Correspondingly in The Laboratory, Browning condemns jealousy, but presents the speaker to have transformed into a malicious individual rather than a misunderstood victim in Medusa. This destructive emotion incites a hysterical desire to inflict pain and revenge,encapsulated by her command to ‘grind away, moisten and mash up thy paste’. Her active participation in the brewing of her rival’s demise is captured by the dynamic, imperative verb triplet ‘grind’, ‘moisten’ and ‘mash’. The elongated vowels paint an ominous picture of unhurried and assiduous actions, portraying the speaker to be at the pinnacle of excitement at the thought of revenge. The built up tension explodes with the following monosyllabic clause ‘Pound at thy powder’. The sudden plosive sound suggesting an escalation of motions and loss of control. However, this is quickly repressed with the exclamatory phrase ‘I am not in haste!’, hence, within two fleeting lines, Browning conveys the speaker’s volatile instability and erraticism in her emotions influenced by jealousy. At the same time, these dynamic verbs draw a direct parallel to cooking, however the speaker’s complete rejection of this maternal responsibility subverts gender roles in the Victorian society. This idea is further expounded upon when the speaker’s attention is abruptly shifted as she questions ‘And yonder soft phial, the exquisite blue / sure to taste sweetly, is that poison too?’. The soft, feminine sounds like ‘soft phial’ and ‘taste sweetly’ mask the macabre desires of the speaker by letting the poem take a lyrical and enchanting twist. This sinister atmosphere shapes the entirety of the poem and perfectly portrays the speaker as a crazed, sadistic killer. Upon obtaining the finished poison, she is so enchanted by the product of her fascinations that she presents an element of kindness by offering a ‘kiss’. However upon closer inspection, we realise that this is just an action stimulated by wild ecstasy, as by referring to the apothecary as ‘old man’, it reveals the true nature of the speaker as a sadist. Therefore, Browning presents jealousy as a destructive force which brutally destabilises one’s mental equilibrium and potentially leads to a loss of moral compass.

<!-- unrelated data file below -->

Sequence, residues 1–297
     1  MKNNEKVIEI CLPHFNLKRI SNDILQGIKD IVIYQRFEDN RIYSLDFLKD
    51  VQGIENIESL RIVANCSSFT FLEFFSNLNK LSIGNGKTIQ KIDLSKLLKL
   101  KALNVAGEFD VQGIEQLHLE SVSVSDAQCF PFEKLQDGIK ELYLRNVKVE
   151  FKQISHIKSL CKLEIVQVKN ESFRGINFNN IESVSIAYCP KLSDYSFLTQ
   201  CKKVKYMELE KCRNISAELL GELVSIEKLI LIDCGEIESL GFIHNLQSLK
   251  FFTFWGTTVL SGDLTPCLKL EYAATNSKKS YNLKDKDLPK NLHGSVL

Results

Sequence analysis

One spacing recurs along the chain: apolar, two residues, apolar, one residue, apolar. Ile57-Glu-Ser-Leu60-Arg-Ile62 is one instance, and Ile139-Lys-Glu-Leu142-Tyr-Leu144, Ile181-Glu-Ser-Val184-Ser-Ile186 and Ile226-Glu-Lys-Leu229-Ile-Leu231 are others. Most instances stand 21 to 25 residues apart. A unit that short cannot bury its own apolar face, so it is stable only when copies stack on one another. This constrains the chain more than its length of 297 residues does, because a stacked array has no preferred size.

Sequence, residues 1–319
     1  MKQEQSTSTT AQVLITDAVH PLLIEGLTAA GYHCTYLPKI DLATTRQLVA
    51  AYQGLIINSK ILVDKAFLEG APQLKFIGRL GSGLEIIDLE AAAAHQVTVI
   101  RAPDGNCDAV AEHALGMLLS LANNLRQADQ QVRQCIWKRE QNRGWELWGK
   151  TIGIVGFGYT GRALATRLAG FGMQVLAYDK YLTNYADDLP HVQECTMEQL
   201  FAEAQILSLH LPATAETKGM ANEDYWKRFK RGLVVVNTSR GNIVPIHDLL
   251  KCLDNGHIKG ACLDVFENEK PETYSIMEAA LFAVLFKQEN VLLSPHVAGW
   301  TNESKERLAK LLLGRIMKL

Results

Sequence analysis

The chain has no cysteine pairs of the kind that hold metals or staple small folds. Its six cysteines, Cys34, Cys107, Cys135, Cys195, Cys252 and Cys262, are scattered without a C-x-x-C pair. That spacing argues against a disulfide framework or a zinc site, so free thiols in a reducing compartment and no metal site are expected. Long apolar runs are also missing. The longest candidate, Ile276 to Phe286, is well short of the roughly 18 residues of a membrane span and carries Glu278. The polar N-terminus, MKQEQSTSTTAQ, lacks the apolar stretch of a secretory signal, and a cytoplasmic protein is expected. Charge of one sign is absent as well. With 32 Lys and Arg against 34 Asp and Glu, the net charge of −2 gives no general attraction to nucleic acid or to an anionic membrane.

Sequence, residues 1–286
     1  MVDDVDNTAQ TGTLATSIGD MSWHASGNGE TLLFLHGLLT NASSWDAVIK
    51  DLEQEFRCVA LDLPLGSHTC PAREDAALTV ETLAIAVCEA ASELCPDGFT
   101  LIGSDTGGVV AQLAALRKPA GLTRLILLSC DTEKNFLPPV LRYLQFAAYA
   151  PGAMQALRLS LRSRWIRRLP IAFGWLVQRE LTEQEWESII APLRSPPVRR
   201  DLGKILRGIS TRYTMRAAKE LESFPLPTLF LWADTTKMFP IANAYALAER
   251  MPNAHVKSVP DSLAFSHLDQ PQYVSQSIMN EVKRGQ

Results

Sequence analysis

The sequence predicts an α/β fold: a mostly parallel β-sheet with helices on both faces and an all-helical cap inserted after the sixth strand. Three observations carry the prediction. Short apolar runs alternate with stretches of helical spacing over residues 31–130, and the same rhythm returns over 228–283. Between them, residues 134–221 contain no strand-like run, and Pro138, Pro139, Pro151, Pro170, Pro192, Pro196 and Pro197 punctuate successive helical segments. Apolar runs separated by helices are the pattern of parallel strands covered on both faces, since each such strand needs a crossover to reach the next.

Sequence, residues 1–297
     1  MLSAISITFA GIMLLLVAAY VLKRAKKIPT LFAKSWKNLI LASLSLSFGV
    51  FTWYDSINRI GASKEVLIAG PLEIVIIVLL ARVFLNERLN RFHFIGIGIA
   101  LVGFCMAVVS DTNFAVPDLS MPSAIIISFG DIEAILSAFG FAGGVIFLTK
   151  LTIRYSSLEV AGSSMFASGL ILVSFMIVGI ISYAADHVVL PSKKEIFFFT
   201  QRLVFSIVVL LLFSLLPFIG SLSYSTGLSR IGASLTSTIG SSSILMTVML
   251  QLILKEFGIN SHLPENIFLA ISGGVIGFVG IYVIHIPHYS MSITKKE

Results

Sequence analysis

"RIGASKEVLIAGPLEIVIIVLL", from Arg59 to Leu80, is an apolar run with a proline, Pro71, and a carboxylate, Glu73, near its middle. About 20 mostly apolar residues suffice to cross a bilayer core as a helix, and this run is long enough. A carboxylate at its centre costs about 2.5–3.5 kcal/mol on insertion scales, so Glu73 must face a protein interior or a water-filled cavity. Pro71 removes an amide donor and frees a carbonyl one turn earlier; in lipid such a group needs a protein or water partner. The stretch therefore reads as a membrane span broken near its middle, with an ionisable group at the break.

However, as the speaker endures a painful transformation, Duffy reveals that jealousy stems from betrayal and self hatred, thus presenting its complexity and leading the readers to sympathise with the speaker in Medusa. The poem features a free versed structure alongside recurring enjambment, shaping the erratic form of the poem and reflecting the speaker’s disoriented emotions. The uneven lengths of each line could be a visual representation of the speaker’s ‘filthy snakes’, thus accentuating the semantic field of insecurity in the entire dramatic monologue. The demonic animation of the speaker’s caustic ‘thoughts’ into ‘snakes’ directly draws a biblical allegory of The Serpent, which is an evil force motivated by jealousy and hatred. However, the speaker’s inability to control her thoughts, and the fact that they turned their backs on her (represented by the vibrant onomatopoeia and harsh sibilance in ‘hissed’ and ‘spat’), give the connotations that they are two separate entities which cannot coexist. This powerfully conveys the speaker’s ceaseless grapple with her emotions, inevitably leading to her self hatred and mental breakdown. Consequently, the blame for the destruction caused by the speaker to her surroundings is apportioned to the unfortunate event that sparked her jealousy, instead of the speaker herself. Therefore, with the vivid description of Medusa’s inner turmoil, Duffy encourages the readers to sympathise with her. Additionally, the poem references the Greek mythological creature Medusa, who was a ravishingly beautiful maiden transformed into ‘a Gorgon’ – a punishment for desecrating Athena’s temple after she was raped by Poseidon. Duffy draws a parallel between the mythical creature and the speaker, as the portrayal of women as victims is apparent in both cases: the former in which Medusa was the one who suffered the punishment although she was raped, and in the latter, the speaker was the one enduring the consequences of jealousy when it was her paramour who had ‘a shield for a heart’ and ‘a sword for a tongue’. The masculinity and strength represented by the war weapons ‘shield’ and ‘sword’ deeply contrast Medusa’s despair and hurt, hence further victimising her. Although her ability to turn others into stone is portrayed as a destructive force on the surface, in reality, it is the only protection she has to defend herself. The use of chivalric imagery to attack the speaker subverts expectations that “a knight in shining armour” will protect or rescue women. Instead, Duffy presents a case in which idealised men can be the cause of women’s mental turmoil. At the end of the poem, the speaker wearily questions ‘Wasn’t I beautiful / Wasn’t I fragrant and young?’. The feminine olfactory imagery presented here draws a direct contrast to the disgusting connotations previously mentioned in the poem, ‘My bride’s breath soured, stanked’, emphasised by the use of sibilance. Through the disfiguration of Medusa, Duffy explores how women had to preserve their beauty in order to be the subject of a man’s infatuation, therefore indirectly critiquing the patriarchal society in the 20th century. Medusa’s ability to identify her disfigured beauty as the reason of her betrayal thus evokes an image of a victim condemned by societal beauty standards, prompting the reader to understand how this self-hatred could have caused jealousy to arise. Ultimately, Duffy challenges the power and position that men are granted above women and warns of the negative impacts of this power imbalance on the mental wellbeing of females.